A Public Health Emergency: Using the Cause Model to Understand Journalists' Implementation of Suicide Reporting Guidelines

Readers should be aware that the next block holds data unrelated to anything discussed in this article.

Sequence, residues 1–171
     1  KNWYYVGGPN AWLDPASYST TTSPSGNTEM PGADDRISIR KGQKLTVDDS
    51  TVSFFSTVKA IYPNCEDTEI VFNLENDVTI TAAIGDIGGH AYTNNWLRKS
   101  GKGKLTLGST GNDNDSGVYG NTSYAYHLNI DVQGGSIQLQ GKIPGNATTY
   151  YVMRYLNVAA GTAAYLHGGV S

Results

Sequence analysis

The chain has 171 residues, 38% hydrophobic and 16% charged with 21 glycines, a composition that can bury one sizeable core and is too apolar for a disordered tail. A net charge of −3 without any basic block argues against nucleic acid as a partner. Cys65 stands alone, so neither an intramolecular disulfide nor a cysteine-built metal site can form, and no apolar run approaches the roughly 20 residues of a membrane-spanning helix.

The present dissertation uses the framework of social cognitive theory’s environmental determinant to understand the World Health Organization’s suicide reporting guidelines implementation as a public health intervention. Reporting guidelines like these specifically influence the media environment, having a unique impact on readers who are at risk of death from suicide. Previous research has evaluated not only the effectiveness of these guidelines, but also journalist adherence and perceptions. However, to this date, little research exists regarding journalists in the United States. Therefore, the present study used the CAUSE model to evaluate where gaps exist in the current dissemination of suicide reporting guidelines and their subsequent use. Additionally, the hierarchy of influence was used to understand who within the organization would have the greatest impact on suicide reporting guideline adherence in the newsroom. To achieve this, forty journalism professionals from national and state-level news organizations were surveyed about their awareness, efficacy, use, and willingness to use suicide reporting guidelines. Findings suggest that (a) while many journalists were only somewhat familiar with suicide reporting guidelines, most felt they would be effective at reducing deaths from suicide, (b)they believed that they presently followed these guidelines, and (c) they would be willing to follow them in the future if office leadership supported their use and also used the guidelines in their own work. These results present a fascinating baseline for future research, and also starkly contradict findings in studies of journalism professionals in other countries.